Thursday, January 21, 2010

Basic Tenets for Good Writing

Opinion has supplanted research. There is no reason to learn the facts if an opinion is as acceptable as the truth. Nowhere is this as obvious as on the internet. Everything here is debatable: news stories, celebrity lifestyles, even encyclopedia entries.

When it comes to good writing, however, there are certain basics that are not debatable. Whether we are bloggers, content producers for various websites, novelists, these are all tenets we must heed:

1. Use dynamic verbs and concrete nouns, and keep adjectives and adverbs to a minimum. Watch for word qualifiers such as “a little,” “quite,” “somewhat.” They undermine our authority and make our writing seem indecisive.

2. Action first; reaction second. Cause first, effect second. “He finished smoking his cigar, then he aired out the room.” Not: “He aired out the room after he finished smoking his cigar.” When we don’t use the proper sequence, our writing seems unfocused.

3. Use active voice; too much use of passive makes our writing seem muffled.

4. Don’t be clever just for the sake of cleverness, don’t complicate the obvious, and don’t be unconventional for the sake of being exotic; ultimately, our readers will feel used or confused, and we will lose them.

5. Punctuation, spelling, and grammar do count. Content is important, but what good is all our wisdom if we come across as dolts?

6. Strive for clarity, economy, grace, and dignity. We can string words together, but without at least a couple of these elements, our writing will not be worth reading.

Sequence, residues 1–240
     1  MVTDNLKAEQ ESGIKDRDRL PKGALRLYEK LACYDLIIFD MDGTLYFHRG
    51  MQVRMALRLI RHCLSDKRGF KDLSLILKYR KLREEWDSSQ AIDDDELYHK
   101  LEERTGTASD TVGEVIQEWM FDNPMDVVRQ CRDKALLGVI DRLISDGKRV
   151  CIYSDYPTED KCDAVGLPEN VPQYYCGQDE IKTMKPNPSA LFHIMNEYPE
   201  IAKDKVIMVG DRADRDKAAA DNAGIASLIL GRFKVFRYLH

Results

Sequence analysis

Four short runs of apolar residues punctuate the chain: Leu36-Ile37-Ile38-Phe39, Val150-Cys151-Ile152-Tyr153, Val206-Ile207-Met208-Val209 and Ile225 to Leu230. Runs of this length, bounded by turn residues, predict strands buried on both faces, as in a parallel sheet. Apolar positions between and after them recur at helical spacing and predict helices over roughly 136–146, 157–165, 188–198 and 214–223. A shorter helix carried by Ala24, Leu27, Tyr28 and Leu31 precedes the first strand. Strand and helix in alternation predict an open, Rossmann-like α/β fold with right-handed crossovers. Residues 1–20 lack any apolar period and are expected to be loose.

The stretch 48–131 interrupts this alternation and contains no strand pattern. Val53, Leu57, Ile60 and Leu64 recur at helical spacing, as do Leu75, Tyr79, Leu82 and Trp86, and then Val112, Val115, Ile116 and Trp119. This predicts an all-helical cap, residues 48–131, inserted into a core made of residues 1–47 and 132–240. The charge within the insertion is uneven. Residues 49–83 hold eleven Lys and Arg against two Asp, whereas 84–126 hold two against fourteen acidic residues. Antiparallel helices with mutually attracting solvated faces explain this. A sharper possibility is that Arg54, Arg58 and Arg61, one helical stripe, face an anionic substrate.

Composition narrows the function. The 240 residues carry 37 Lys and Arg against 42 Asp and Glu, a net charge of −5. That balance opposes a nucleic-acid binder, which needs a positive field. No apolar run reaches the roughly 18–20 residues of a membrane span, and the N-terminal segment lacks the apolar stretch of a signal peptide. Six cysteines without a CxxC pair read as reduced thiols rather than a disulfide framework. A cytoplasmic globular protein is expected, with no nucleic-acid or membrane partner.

Pat Bertram is the author of Daughter Am I, More Deaths Than One and A Spark of Heavenly Fire available from Second Wind Publishing, LLC.


James C. Wallace II said...

You make some interesting points but I would ask you to clarify one particular issue which I fall under.

I use a grammar style that is not quite correct but accomplishes my goal of approximating what I term the "Hoosier dialect."

Is it acceptable to use an incorrect style of grammar when it suits your story purpose?

Pat Bertram said...

Good point and one that needs clarification. Dialogue is different. It is not only acceptable to use an incorrect style of grammar when it comes to talking, you absolutely need to, otherwise the dialogue seems stilted. Very few of us use correct grammar when speaking, and neither should our characters. As for dialect -- try to rely on sentence construction and word use to portray the dialect instead of apostrophes. A lot of apostrophes are hard to tolerate, especially if the story is told in first person and the whole story and not just dialogue is written in dialect.

James C. Wallace II said...

That helps explain a lot. Apostrophes aren't so much an issue for me as much as the comma.